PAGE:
A million thoughts swarmed through Gina’s head. She almost drove past the girl but took pity on her. Never pity anyone. They don’t deserve it. What would Artie, her husband think.
“Diabetes doc found dead on the road.”
The girl took out a piece of paper from her pocketbook and smoothed it over her lap.
“1226 Brooks Lane, Abington. That’s where we’s going. Ya hear me?”
“Yes,” said Gina, and reached for her GPS to guide them.
The girl slapped her hand with the gun.
Gina forced herself to keep quiet and told her about the GPS.
“My name is Gina, what’s yours?”
“Lizzie Borden,” answered the girl.
Gina tried to look at the so-called Lizzie. It was important to get a description of her. Long blonde hair, unwashed for some time, blue eyes.
“Stop looking at me or I’ll pop you one.”
It was twilight when they reached the house.
Clearly Lizzie had no idea they were there.
“We’re here,” said Gina.
The house was on a street of big houses. Most were made of stone, as this one was. It had an empty lot beside it. Blue trash cans were on the street.
“We’re going in,” said Lizzie. “You first.”
Gina got out of the car and walked up the brick sidewalk to the house.
She tried the door.
“It’s locked,” she said.
“It’s never locked, bitch, when you gotta gun.”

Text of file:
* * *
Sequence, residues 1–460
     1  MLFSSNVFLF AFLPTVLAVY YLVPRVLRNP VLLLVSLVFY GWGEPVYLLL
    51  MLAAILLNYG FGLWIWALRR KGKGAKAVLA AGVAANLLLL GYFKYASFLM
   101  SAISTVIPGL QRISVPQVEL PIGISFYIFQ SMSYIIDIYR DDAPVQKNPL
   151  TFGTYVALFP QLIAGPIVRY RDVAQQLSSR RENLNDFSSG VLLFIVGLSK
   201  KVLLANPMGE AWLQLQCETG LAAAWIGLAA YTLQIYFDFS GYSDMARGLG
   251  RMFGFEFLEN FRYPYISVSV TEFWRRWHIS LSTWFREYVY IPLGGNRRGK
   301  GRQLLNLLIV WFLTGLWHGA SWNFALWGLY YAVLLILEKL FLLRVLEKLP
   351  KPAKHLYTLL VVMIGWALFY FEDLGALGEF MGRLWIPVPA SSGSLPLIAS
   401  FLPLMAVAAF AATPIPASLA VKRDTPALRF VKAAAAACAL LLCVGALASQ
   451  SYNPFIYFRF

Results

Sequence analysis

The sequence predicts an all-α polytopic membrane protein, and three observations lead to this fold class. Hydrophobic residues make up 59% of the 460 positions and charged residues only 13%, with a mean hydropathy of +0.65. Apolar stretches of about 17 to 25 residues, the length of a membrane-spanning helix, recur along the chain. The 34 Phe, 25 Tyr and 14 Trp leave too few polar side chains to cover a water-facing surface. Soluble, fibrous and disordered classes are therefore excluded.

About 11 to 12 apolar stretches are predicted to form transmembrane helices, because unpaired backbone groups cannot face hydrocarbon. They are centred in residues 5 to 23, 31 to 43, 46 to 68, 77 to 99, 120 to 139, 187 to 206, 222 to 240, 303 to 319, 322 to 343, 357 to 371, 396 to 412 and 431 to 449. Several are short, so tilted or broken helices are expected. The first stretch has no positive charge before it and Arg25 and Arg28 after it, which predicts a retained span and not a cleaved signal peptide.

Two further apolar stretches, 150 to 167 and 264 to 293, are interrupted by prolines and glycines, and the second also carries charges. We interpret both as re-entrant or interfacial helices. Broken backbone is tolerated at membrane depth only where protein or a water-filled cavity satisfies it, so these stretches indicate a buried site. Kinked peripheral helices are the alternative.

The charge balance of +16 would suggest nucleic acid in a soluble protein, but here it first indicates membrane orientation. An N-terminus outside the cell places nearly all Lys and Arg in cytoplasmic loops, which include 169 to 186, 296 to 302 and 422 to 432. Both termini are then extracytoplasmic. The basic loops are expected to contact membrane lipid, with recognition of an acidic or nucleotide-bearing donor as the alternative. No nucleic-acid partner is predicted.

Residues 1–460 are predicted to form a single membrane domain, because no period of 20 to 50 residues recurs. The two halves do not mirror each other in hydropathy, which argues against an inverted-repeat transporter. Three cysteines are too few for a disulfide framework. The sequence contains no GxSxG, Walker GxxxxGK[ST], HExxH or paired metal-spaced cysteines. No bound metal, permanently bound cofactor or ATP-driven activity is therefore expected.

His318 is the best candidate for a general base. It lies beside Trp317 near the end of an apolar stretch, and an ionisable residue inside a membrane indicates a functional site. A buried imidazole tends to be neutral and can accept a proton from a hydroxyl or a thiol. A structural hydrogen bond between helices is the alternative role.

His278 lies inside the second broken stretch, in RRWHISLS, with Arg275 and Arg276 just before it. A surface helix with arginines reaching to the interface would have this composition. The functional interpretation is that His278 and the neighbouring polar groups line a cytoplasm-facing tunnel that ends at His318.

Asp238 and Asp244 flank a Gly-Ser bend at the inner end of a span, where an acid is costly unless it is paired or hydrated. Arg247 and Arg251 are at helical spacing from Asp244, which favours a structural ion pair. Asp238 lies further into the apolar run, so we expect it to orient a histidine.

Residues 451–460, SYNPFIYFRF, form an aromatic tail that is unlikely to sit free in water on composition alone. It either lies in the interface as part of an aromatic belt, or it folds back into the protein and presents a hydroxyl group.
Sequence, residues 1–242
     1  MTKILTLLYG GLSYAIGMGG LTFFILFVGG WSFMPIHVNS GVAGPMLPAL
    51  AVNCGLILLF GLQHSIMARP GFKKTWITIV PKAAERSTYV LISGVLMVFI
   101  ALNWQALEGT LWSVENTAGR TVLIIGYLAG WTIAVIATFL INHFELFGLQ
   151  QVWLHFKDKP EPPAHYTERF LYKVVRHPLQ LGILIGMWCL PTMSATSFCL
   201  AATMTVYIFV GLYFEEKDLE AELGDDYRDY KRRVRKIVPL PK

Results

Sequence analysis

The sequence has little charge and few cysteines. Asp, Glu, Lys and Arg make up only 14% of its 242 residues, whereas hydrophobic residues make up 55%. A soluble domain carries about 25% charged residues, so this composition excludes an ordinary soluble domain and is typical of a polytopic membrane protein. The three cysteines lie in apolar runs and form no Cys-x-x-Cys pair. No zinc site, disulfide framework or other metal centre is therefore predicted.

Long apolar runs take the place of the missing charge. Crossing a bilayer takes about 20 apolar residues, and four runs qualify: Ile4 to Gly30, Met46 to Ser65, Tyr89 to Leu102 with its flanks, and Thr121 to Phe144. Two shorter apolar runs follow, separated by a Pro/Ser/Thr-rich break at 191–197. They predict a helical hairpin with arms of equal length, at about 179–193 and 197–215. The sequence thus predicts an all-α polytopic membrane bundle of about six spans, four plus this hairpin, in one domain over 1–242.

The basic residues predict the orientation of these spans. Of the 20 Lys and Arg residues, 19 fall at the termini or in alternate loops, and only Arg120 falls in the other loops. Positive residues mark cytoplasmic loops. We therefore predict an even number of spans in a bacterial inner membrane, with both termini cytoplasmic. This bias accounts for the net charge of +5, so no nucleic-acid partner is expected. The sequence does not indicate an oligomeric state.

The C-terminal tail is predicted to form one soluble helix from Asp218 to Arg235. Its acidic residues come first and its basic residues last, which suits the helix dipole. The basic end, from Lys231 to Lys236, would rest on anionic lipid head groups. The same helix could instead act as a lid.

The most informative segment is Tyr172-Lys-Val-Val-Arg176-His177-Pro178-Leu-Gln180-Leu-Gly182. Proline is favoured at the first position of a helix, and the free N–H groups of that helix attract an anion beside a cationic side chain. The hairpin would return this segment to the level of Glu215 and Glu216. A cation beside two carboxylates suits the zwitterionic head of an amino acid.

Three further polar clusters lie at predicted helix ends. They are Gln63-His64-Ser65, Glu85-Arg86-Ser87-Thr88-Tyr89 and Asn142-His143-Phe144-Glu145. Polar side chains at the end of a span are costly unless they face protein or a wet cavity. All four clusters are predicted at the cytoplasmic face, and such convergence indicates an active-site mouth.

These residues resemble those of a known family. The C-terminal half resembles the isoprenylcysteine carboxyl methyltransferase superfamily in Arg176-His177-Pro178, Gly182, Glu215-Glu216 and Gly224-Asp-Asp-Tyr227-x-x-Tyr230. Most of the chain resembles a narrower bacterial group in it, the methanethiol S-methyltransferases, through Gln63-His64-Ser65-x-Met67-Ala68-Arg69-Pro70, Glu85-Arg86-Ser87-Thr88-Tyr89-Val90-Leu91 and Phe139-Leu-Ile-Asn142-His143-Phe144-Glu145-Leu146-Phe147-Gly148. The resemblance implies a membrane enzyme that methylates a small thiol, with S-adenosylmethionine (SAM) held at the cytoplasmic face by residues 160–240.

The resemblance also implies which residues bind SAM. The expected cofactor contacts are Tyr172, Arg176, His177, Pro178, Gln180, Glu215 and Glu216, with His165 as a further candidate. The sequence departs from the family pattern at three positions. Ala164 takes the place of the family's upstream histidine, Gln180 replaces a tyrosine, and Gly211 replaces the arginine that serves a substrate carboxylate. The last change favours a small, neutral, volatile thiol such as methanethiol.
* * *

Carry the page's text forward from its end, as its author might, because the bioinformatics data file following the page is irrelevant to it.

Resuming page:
She shot the lock off the front door and walked in.
The family was frozen in motion at the dinner table in the next room. To Gina, it looked like a realistic painting by John Singer Sergeant.
Lizzie held her pistol high, walked to the table, and said, “I’m here for retribution.”
With both hands, she aimed and shot through the glass armoire. Coffee cups, old pieces of china, ceramic models of bird baths and Halloween pumpkins, shattered and tumbled noisily to the floor.
An elderly man in tie and suitcoat stood up.
“Who the hell are you and how dare you enter our house?”
“Figures you don’t remember me, Old Man.”
Now a young woman wearing a dark green blouse and about to pass a bowl of corn muffins stood up.
“Of course I remember you. You´re that Sue. Sue Evans.”
Sue stared at her.
“You were engaged to our son, Adam. Or thought you were, anyway. You’re loco in the head.”
“You calling me loco?" said Sue. “I’ll show you how loco I am.”
She lifted up her pistol and began firing indiscriminately.
Few people know how hard it is to actually hit someone. The target may move, the shooter’s hand shakes. “Grazing” the body is what often takes place.
Since Gina was behind the mad woman, she pushed the little thing across the dining room table as hard as she could. Her head fell in the platter of turkey with gravy. She smooshed her down while awaiting the others to wrest away the gun.
The old man in the suit coat and the woman in the green blouse each held an arm. “Stop fussing,” said the old man, “or we’ll shoot you in in the groin.”
Soon came the sound of the wailing of the ambulance and a bevy of cop cars.
Doctor Gina sat herself down on an overstuffed chair in the living room and breathed.
In and out. In and out. Just as she told her patients to do if they were panicking over something.
“Stay hungry, stay foolish.”
“YOU stay hungry and foolish, Stewart Brand,” she said aloud.
She helped herself to a slice of corn bread.
Maybe she and Artie would take a little vacation. This was NOT all in a day´s work, she thought.
“Hate to trouble you,” she said. “But you got any hot coffee?”